– a guarantee *in the enabling legislation* that this is not an ID card. For example, that a request to present this card for other than the specific provision of a specific government benefit to which the claimant believes him or herself to be entitled, should be a criminal offense. That the presentation by a cardholder of the card for any purpose other than to claim a government benefit should also be an offense. And that the recording of any data from the card by automatic or any other means, if not directly connected to the provision of a government benefit, should also be an offense. If this card isn’t an ID card, then such clauses should be no problem, right?” – Karl Auer
About a range of impacts: centralisation, costs, selling points, function creep without analysis:
” You keep saying that the new system will collect and process “no more and no less” than the present system(s), only better.
“We are (or perhaps just I am) not concerned about the volume, I am concerned about the centralisation, the linkedness, the comprehensiveness of the new system, because those things increase both the possibility of harm and the extent of harm should it occur.
“I’m also concerned that the costs, both startup and ongoing, have been *massively* underestimated and that the costs will to a large extent be dumped on individual Australians. The idea that this will cost only $15 per Australian is just silly.
“It concerns and irritates me that this is being sold as “just a more efficient” system, when it is in fact a qualitatively *different* system.
“It worries me a LOT that the system has the potential to be easily extended once in place, and to be pressed into the service of functions that I fear and detest, but that I know are dear to the hearts of our present regulators.
“You have now been asked, several times, to show a breakdown of the types of fraud that this new system will allegedly combat. We have yet to see any such breakdown, from you or anyone. Is there such an analysis? Without one, no rational assessment of the new system’s objectives can be made. Nor can any judgement be made about the costs relative to the benefits. It’s not a big ask. Have *you* seen such an analysis?” – K Auer
About using it as an ID card and broken government promises:
” If this card *can* be used as ID, it *will* be used as ID. depend upon it.
“Absolutely. The same way that you are no longer asked to produce “Proof of identity”, but you are asked to produce “you driver’s licence”.
“I guess it will come down to “An identity card” will not be mandatory to carry or produce on request, but you will be inconvenienced if you are unable or choose not to produce “It”. OTOH, “The Identity Card” will be mandatory to carry and produce on demand and you will probably be taken into custody if you are unable or decline to produce “It”.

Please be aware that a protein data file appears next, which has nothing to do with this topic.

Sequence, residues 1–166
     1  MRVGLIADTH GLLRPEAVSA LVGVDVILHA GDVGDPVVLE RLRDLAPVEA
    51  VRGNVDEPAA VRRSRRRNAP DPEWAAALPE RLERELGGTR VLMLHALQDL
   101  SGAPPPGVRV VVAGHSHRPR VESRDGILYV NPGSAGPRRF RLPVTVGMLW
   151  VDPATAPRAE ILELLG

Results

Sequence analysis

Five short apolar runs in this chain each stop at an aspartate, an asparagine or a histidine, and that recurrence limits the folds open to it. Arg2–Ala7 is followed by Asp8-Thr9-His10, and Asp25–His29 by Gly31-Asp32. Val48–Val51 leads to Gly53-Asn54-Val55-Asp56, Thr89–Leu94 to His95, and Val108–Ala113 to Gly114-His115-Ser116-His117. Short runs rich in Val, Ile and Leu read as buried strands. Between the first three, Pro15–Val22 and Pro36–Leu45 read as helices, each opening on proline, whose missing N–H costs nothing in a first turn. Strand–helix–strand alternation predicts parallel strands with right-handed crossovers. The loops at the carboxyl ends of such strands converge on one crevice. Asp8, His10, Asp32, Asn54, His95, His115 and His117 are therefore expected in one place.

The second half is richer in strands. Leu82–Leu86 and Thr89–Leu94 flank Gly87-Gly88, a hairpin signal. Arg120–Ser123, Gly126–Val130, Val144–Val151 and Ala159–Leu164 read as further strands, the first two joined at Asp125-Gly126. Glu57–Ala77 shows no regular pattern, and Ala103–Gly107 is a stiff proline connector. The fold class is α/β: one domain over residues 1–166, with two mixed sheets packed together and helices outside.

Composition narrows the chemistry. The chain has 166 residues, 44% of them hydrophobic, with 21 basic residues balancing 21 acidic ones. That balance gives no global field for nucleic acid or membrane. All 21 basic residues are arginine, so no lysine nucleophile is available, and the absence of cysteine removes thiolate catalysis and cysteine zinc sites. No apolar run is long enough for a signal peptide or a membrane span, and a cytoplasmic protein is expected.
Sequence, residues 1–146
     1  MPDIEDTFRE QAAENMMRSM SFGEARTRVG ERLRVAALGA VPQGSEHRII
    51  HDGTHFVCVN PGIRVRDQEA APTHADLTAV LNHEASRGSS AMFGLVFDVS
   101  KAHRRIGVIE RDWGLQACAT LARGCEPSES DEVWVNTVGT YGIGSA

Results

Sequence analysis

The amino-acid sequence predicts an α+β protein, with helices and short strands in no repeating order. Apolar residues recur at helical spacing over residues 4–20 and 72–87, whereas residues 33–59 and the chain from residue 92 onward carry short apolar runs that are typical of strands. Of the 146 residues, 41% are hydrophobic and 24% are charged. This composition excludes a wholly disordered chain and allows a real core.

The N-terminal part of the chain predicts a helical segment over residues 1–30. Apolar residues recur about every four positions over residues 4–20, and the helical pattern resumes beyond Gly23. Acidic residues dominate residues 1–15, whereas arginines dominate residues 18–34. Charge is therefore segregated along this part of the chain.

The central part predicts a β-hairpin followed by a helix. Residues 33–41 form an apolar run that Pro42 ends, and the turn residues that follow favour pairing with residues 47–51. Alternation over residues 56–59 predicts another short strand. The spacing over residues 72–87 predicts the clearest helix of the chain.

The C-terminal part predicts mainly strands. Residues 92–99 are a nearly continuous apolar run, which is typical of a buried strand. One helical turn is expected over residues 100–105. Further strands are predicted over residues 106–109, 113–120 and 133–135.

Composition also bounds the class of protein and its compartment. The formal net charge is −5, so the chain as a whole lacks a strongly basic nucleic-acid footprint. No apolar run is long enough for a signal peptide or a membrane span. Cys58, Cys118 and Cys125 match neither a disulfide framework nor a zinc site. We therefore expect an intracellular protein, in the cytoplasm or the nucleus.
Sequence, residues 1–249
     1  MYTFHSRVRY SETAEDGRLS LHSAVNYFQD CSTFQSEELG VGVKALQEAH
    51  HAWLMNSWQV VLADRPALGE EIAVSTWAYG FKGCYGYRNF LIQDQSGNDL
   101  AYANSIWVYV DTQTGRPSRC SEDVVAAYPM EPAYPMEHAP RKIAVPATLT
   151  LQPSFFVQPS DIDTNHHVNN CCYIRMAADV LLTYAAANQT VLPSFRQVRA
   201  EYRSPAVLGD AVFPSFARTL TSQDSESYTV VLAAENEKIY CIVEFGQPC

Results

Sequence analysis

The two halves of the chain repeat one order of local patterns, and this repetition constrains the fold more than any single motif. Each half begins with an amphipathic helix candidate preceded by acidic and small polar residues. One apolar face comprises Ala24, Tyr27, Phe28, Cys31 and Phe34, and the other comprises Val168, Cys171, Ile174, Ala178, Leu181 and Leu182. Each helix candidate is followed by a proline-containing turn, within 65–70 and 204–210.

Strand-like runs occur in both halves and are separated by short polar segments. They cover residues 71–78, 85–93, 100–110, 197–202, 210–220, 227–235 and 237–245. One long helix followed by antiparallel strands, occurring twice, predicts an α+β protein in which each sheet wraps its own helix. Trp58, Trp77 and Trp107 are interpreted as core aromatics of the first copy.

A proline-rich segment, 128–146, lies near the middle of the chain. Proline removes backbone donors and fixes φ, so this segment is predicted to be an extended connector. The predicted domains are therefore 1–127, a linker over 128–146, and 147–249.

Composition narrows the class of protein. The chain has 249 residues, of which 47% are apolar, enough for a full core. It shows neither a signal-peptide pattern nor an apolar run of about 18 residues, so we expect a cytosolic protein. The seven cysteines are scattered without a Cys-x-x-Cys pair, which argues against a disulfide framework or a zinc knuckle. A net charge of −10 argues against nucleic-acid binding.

“Ppl have become so disillusioned and cynical about the motives and behaviour of governments of all persuasions that they are now at a point where they, quite correctly IMO, question anything that any government proposes. I fear that a lot of this is in fact caused by the actions of the US government since 9/11 and the willingness for AU and UK to meekly fall in line.” – Howard Loundes
About user acceptance and government coercion:
“The extent and passion of this debate reminds me of another angle. “User attitude” is a very important success factor in big IT projects. If a significant chunk of the population is anti, it’s a risk factor for the project – and this is true even where the objections are not rational.
“Within the government, there may well be a feeling that attitude doesn’t matter. After all, the government has the power to enforce compliance even if the punters don’t like/want the smart card. My response is twofold:
– Coercion by government is repugnant and should be avoided wherever possible; and
– Even the assumption that government can enforce compliance doesn’t stand up to the test of reality.
“So there really is a very great need for the government to demonstrate all of the reasons why this is good for the citizens. “It’s good for the budget” is not sufficient; it’s too abstract, it’s demonstrated not by fact but by assertion, and rightly or wrongly it smells like spin.” – Richard Chirgwin
About the threats to and difficulty of providing security:
“You see, some people out here actually *know* about security. Perhaps you do too, I don’t know, but at the moment it doesn’t seem so. Leaving that aside, however: There are classes of fraud that the smartcard could, if implemented correctly, stop or mitigate. There are whole other classes of fraud that the smartcard could *enable*. Exactly what these various classes are depends on the exact nature of the card; whether data is stored on it, or whether it simply provides access to a central database, and whether that access is read-only or also write. And there are other classes of fraud that the smartcard will have no impact on whatsoever.